I am not sure how long this has been in the rules at Clickbank, as Clickbank currently block archive.org – that being said I am sure it would have been brought up by someone during the last few months in discussions regarding various paid review services such as PayPerPost, ReviewMe and Sponsored Reviews.
The A-List bloggers concentrated their attacks on the paid reviews services because it made good headlines, and most missed the much more serious implications for affiliate marketing.
Clickbank isn’t a small startup company looking to carve a niche – their daily sales turnover is probably higher than the funding received by any of the paid posts companies. It is only possible to estimate their sales figures, because they are a privately held company. They claim 20,000 sales per day on their website, and typical prices of their digital products are $47 to $67 each, with many of the top sellers costing $77 to $97.
In the past I have asked Clickbank directly for more accurate figures, but as is their privilege that was declined.
As an example, the current top selling ebook launched 6th February, Day Job Killer, an ebook that provides tactics for affiliate marketers using Adwords PPC to drive traffic to various affiliate merchants such as Amazon and Ebay has sold more than 5000 copies in the first 24hrs of release, with a $77+tax price tag, thats $385,000 in sales which many Web2.0 statups can’t achieve in advertising revenue in one month.
A large chunk of that revenue will go to affiliate partners, but that will easily be recouped by backend sales. As an example this is the 3rd Ebook published by the same authors, and I am sure many of the 5000 sales recorded were direct sales by the authors to their private mailing list.
I am not a lawyer, and this blog article is purely a discussion topic for your own amusement and does not represent legal advise.
Here is the specific clause from the Clickbank Rules:-
If you promote products listed by ClickBank, then:
* You agree to make no such promotions that suggest or imply any warranty or other policy that might conflict with ClickBank’s eight week return policy.
* You agree to make no such promotions that involve unlicensed use of materials protected by copyright or trademark law.
* You agree that you will not engage in activities that interfere with our tracking of commissions, or with the normal flow of traffic from affiliates.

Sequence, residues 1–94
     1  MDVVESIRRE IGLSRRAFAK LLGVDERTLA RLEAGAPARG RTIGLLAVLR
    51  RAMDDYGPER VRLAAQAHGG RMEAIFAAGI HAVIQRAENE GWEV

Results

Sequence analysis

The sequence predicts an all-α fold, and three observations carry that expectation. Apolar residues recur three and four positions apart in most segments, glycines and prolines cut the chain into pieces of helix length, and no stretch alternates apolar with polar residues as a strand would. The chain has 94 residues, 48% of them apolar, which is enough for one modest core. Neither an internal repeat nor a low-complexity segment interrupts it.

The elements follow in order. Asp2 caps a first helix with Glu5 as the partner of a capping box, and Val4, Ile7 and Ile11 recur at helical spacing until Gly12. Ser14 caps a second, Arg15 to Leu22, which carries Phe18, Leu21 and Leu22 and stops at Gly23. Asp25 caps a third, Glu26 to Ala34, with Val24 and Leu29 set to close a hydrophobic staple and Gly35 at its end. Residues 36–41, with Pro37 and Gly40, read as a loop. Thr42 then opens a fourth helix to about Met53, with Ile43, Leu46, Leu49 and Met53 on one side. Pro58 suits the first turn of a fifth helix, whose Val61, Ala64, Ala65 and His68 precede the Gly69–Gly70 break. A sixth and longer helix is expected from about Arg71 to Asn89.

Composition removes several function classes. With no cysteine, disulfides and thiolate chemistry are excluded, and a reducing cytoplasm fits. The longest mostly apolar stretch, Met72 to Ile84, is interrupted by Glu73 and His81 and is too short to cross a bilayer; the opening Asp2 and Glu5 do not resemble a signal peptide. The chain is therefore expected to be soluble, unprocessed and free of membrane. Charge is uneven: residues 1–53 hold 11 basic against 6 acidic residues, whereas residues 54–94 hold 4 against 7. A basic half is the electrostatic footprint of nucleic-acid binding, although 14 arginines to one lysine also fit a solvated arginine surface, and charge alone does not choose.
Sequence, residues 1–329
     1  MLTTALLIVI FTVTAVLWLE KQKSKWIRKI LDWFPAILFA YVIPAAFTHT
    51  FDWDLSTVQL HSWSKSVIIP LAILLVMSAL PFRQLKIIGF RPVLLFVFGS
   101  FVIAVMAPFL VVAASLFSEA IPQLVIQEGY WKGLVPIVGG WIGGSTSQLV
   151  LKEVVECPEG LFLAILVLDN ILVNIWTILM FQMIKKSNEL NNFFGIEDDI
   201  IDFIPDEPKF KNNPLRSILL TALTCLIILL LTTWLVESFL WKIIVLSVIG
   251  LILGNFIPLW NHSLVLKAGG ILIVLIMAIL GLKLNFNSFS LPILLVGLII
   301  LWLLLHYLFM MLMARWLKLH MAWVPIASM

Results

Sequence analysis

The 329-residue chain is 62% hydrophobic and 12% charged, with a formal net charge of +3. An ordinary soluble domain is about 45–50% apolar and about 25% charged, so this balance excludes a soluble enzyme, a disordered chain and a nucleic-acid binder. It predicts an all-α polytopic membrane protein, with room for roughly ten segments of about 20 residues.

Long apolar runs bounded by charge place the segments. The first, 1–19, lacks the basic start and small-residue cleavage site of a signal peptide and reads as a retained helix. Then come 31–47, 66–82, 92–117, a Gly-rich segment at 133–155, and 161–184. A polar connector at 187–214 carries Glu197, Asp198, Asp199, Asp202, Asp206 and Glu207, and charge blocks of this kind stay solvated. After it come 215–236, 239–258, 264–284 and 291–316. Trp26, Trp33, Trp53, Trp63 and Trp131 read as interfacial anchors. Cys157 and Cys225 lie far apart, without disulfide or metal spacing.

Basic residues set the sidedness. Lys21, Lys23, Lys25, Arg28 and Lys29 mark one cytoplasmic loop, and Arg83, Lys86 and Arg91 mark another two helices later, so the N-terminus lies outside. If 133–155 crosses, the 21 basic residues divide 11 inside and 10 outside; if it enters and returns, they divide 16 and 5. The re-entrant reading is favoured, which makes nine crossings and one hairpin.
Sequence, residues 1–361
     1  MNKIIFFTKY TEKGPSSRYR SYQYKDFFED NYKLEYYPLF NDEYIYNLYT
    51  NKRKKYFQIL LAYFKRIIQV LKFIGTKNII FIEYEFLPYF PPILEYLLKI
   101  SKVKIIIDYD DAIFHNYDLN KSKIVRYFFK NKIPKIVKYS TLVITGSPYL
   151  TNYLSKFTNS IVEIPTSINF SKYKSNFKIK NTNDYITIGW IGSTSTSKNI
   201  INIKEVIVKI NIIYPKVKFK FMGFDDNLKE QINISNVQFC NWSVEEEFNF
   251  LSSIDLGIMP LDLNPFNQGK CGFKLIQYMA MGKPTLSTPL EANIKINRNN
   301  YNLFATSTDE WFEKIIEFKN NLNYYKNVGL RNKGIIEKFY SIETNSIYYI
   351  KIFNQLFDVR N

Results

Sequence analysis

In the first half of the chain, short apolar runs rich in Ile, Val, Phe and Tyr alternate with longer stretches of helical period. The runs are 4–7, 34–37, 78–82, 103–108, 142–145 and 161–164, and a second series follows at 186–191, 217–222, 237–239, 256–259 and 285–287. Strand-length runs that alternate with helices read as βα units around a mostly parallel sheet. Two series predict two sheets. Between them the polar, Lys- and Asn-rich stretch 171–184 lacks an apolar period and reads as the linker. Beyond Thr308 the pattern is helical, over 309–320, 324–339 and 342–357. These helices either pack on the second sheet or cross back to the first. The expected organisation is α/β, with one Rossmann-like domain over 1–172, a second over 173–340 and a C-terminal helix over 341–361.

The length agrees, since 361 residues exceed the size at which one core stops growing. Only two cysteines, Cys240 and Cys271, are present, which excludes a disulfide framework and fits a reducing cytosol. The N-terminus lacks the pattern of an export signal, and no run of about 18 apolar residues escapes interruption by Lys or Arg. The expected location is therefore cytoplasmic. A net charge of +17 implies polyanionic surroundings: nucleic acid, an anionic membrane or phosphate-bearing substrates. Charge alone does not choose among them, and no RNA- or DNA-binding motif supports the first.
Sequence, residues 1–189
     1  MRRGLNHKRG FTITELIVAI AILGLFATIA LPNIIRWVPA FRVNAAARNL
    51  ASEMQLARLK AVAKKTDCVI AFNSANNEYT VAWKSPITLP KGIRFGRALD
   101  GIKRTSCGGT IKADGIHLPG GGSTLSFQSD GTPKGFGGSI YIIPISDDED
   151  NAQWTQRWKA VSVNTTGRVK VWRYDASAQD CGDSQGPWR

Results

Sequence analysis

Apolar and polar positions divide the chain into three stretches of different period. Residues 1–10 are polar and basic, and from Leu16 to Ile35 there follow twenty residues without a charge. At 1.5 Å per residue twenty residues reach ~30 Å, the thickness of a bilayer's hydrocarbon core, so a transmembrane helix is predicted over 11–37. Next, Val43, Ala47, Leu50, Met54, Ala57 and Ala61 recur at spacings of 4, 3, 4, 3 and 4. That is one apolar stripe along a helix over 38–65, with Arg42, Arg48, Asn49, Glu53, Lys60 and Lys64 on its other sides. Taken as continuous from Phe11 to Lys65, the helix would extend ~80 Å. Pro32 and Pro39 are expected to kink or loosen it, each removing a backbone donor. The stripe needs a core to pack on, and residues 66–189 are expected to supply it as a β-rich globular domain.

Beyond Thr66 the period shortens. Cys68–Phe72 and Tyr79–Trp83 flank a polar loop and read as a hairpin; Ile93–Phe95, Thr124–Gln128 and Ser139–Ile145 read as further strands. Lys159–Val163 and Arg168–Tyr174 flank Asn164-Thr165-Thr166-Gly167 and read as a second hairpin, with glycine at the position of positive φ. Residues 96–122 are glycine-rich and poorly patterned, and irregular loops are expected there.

* You agree that all such promotions will be fully compliant with federal and state laws, including US federal and state laws regarding network abuse, unsolicited messaging, and FTC Advertising Rules and Disclosure Rules.
* You agree to make no such promotions promising customers rebates, coupons, tickets, or vouchers in connection with their ClickBank purchase.
I have bolded the first line and 2 sections, and I will deal with the second section first
Offering Bonuses for Clickbank Products
The wording is clearly aimed at monetary bonuses as we expected the clarification in Clickbank rules from back in November to contain. Many Clickbank affiliates are still offering cash incentives as this advert for Day Job Killer grabbed yesterday confirms.
I have also received many emails offering cash rebates. With those who I trust and have business dealings with in the past, I just sent a friendly note. It is not like Clickbank send out email notifications of rule changes. In fact the rules changes don’t even make it to their internal news system.
Clickbank and Disclosure
I don’t remember seeing the statement regarding disclosure within the Clickbank Terms of Service when I was last reading them in November.
Whenever Google change their policy statements, everyone knows about it, and discusses it. When they change their Terms of Service, you normally have to agree to the changes, and there is normally word for word analysis by many sites.
The above clauses are clearly intended for affiliates, because the opening line is “If you promote products listed by ClickBank“.
The FTC Disclosure Rules don’t mention the word affiliate, but they frequently mention advertising. I am clear in my own mind that the rules cover both placement adverts, and various forms of word of mouth advertising.
For an Affiliate Marketer, I am fairly open about disclosure. I have a disclosure policy, and there is a link to my disclosure policy with my feed items, both in the form of a custom footer in my posts and RSS feed(Disclosure Policy Plugin for WordPress), and as a Feedburner Feed Flare. Those are my own developed solutions for affiliate disclosure as an alternative to adding (aff) after affiliate links, which might not have meaning to a casual reader.
As I pointed out in my fairly neutral review of Day Job Killer, it is important to conform to all the rules, and some of the techniques in Day Job Killer would be less successful if you plastered “I am trying to sell you something” all over a squeeze page.
I offered a bonus for Day Job Killer, but none are cash equivalents.
Duncan Riley’s research into one of the endorsements on the Day Job Killer sales page is also intriguing. There is also the possibility it is a real person, or a real testimonial with a made up pen name.
I just read a Squidoo Lens promoting Day Job Killer written by a Tax Attorney – it is a shame he is breaking Clickbank’s rules on disclosure, not a disclosure in sight.
It is interesting that Clickbank now require disclosure, and Google effectively prevent disclosure for their referral units.